|Publisher||Wiley & Putnam|
|Media type||Print (hardback)|
The collection includes several previously published short stories, and was named in honor of The Old Manse where Hawthorne and his wife lived for the first three years of their marriage. The first edition was published in 1846.
Hawthorne seems to have been paid $75 for the publication.
Many of the tales collected in Mosses from an Old Manse are allegories and, typical of Hawthorne, focus on the negative side of human nature. Hawthorne's friend Herman Melville noted this aspect in his review "Hawthorne and His Mosses":
This black conceit pervades him through and through. You may be witched by his sunlight,--transported by the bright gildings in the skies he builds over you; but there is the blackness of darkness beyond; and even his bright gildings but fringe and play upon the edges of thunder-clouds.
William Henry Channing noted in his review of the collection, in The Harbinger, its author "had been baptized in the deep waters of Tragedy", and his work was dark with only brief moments of "serene brightness" which was never brighter than "dusky twilight".
After the book's first publication, Hawthorne sent copies to critics including Margaret Fuller, Rufus Wilmot Griswold, Edgar Allan Poe, and Henry Theodore Tuckerman. Poe responded with a lengthy review in which he praised Hawthorne's writing but faulted him for associating with New England journals, Ralph Waldo Emerson, and the Transcendentalists. He wrote, "Let him mend his pen, get a bottle of visible ink, come out from the Old Manse, cut Mr. Alcott, hang (if possible) the editor of 'The Dial,' and throw out of the window to the pigs all his odd numbers of the North American Review." A young Walt Whitman wrote that Hawthorne was underpaid, and it was unfair that his book competed with imported European books. He asked, "Shall real American genius shiver with neglect while the public runs after this foreign trash?" Generally, most contemporary critics praised the collection and considered it better than Hawthorne's earlier collection, Twice-Told Tales.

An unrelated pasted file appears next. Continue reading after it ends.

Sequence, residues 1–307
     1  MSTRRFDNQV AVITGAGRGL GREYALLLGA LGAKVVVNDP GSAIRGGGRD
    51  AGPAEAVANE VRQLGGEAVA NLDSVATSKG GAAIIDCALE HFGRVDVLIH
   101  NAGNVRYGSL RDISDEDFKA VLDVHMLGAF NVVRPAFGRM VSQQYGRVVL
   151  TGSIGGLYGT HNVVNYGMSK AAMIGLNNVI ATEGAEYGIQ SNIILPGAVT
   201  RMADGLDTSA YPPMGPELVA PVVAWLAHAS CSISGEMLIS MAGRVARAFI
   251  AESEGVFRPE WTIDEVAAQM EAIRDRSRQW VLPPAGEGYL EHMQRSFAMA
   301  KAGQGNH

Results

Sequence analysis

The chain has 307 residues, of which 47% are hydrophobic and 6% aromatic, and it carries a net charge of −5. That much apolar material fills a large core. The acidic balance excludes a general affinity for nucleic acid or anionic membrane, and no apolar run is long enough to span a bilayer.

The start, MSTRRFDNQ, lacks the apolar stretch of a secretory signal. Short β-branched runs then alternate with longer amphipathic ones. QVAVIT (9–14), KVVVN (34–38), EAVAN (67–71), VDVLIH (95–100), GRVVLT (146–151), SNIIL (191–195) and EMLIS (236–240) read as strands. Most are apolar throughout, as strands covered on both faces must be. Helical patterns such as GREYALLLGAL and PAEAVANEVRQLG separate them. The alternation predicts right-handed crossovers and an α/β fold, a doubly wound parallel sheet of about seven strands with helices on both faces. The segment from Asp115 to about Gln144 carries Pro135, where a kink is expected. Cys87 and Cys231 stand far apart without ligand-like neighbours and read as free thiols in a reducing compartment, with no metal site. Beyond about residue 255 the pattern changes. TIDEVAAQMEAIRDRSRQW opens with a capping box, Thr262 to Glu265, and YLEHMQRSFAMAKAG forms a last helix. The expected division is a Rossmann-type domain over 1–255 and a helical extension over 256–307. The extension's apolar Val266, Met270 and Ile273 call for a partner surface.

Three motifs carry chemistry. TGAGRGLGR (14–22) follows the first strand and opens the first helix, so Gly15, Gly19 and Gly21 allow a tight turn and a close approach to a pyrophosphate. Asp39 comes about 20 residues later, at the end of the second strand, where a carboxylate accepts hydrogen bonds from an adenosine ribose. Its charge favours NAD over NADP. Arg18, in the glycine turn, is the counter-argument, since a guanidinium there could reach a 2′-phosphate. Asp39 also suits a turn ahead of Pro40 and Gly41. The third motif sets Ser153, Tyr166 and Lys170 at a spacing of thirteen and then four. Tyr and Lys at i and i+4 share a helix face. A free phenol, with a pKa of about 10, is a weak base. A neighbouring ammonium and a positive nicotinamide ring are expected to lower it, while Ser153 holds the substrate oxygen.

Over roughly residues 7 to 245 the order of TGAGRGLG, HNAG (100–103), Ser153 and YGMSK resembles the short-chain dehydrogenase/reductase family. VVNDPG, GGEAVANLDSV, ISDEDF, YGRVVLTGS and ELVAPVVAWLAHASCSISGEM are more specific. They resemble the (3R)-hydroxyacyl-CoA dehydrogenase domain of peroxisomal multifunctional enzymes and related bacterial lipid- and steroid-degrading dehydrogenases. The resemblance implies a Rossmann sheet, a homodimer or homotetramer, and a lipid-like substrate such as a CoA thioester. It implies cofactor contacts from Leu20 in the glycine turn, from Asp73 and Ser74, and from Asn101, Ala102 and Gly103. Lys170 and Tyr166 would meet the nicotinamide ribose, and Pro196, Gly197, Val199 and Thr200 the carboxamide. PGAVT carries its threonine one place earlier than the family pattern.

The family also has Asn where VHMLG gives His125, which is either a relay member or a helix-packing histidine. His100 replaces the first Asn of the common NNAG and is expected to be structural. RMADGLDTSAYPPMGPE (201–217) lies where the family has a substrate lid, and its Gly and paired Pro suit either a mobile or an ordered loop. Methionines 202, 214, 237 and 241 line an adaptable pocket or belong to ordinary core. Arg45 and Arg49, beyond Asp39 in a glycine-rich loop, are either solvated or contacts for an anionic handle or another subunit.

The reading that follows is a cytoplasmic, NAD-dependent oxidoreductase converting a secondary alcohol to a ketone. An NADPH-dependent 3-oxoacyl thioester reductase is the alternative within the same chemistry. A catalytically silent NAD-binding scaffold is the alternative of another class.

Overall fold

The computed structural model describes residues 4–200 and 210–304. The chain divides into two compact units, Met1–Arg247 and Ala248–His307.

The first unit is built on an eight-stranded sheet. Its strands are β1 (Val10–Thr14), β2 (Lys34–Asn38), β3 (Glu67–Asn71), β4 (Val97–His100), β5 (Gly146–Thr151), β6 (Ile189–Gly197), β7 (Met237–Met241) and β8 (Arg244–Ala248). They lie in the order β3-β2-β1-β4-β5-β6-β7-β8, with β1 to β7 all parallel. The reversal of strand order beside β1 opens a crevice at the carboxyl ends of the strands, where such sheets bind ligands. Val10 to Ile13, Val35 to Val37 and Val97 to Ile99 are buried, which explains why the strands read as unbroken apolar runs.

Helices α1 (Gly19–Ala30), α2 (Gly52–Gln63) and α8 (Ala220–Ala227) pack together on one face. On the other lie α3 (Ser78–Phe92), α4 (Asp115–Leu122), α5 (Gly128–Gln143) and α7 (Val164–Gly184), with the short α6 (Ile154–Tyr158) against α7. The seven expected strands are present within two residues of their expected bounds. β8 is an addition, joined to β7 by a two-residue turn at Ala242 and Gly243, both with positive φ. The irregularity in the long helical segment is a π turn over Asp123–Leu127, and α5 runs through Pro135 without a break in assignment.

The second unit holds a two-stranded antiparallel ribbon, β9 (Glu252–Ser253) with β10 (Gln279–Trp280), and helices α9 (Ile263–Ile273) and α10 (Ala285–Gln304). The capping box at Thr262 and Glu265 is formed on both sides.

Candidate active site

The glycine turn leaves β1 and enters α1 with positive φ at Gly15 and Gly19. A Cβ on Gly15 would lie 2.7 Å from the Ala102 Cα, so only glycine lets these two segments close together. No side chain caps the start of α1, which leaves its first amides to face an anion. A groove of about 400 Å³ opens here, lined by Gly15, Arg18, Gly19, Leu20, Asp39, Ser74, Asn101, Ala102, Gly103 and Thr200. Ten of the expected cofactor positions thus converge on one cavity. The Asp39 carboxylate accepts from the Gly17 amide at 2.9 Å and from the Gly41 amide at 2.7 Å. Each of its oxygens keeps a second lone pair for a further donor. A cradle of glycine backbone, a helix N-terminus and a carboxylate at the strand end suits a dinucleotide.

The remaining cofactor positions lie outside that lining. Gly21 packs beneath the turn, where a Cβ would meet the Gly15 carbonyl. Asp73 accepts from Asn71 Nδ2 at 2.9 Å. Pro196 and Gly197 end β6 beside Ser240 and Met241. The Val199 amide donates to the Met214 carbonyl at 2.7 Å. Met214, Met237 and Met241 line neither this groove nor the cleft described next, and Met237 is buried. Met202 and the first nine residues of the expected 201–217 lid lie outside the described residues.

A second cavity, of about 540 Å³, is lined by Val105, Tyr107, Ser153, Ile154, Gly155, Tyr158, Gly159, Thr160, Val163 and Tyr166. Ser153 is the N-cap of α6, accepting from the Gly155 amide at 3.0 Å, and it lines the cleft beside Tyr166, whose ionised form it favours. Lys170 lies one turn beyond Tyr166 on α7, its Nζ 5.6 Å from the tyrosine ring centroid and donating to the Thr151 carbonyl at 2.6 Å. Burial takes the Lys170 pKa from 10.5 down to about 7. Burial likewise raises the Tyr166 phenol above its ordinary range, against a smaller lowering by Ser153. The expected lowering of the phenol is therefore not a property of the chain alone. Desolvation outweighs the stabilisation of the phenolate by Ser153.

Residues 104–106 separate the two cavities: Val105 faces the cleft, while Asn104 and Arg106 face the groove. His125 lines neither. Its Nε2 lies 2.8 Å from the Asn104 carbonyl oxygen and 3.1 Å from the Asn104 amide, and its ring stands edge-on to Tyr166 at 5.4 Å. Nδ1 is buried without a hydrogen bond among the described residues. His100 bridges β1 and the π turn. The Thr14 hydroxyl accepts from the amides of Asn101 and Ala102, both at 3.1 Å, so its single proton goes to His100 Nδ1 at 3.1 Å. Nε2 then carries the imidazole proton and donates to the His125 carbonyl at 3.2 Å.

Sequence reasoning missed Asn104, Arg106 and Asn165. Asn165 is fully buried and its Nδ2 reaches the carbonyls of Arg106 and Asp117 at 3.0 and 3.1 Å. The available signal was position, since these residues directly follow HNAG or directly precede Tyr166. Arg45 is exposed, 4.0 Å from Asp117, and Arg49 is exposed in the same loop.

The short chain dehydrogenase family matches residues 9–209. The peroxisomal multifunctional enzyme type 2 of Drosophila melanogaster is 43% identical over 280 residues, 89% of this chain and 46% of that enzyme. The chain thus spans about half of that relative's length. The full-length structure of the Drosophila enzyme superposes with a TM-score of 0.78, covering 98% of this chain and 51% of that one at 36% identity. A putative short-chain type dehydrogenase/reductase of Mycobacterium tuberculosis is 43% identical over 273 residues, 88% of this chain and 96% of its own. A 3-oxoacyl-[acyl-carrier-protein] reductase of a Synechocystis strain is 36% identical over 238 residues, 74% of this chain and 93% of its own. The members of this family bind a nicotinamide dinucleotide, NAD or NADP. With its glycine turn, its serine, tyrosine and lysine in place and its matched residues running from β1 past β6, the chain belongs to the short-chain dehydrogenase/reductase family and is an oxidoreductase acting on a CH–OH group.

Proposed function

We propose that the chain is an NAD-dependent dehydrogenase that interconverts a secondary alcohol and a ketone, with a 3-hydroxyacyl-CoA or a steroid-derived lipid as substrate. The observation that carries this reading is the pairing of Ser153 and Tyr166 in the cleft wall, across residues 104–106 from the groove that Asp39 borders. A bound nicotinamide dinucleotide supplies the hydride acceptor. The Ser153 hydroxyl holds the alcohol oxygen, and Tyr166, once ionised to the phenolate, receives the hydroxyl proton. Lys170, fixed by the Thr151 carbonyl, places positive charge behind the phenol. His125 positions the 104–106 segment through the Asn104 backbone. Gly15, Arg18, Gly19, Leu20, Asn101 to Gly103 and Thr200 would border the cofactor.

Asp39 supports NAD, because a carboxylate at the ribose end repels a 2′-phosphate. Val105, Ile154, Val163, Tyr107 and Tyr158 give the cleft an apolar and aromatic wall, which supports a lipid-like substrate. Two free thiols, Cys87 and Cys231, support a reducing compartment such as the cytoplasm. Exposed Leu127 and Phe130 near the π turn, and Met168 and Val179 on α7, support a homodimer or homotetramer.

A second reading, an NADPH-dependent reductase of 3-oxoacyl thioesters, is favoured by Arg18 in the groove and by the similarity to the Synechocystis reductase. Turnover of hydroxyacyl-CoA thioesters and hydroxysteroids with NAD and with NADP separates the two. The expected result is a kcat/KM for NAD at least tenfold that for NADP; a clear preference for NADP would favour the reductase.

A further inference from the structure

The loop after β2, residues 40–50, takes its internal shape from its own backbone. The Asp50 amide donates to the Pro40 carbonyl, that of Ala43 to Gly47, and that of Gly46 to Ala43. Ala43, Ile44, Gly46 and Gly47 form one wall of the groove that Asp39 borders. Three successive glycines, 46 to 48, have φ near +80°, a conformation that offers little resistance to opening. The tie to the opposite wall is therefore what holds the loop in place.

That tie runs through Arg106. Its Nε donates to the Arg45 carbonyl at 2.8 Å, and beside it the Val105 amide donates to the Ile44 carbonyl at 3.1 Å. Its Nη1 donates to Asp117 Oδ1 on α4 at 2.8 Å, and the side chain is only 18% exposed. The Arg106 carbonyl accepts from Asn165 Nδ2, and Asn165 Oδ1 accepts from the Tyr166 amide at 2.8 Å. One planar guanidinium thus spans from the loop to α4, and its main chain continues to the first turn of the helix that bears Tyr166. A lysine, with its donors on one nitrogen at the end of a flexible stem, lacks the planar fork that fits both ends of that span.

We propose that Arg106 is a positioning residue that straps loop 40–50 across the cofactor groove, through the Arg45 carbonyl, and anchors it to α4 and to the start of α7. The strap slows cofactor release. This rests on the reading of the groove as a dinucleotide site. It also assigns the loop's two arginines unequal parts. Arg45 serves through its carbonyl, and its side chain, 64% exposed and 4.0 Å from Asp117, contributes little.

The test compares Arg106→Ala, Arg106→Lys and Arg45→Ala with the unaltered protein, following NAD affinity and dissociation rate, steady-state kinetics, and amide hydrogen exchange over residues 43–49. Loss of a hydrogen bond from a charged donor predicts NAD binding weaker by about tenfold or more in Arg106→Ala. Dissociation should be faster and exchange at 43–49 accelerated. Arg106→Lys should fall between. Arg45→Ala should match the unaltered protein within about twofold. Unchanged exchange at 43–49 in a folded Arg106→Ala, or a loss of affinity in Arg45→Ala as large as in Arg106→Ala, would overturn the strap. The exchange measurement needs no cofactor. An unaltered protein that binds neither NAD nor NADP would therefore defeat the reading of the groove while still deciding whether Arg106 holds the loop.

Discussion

Regarding the second edition, published in 1854, Hawthorne wrote to publisher James T. Fields that he no longer understood the messages he was sending in these stories. He shared, "I remember that I always had a meaning--or, at least, thought I had", and noted "Upon my honor, I am not quite sure that I entirely comprehend my own meaning in some of these blasted allegories... I am a good deal changed since those times; and to tell you the truth, my past self is not very much to my taste, as I see in this book."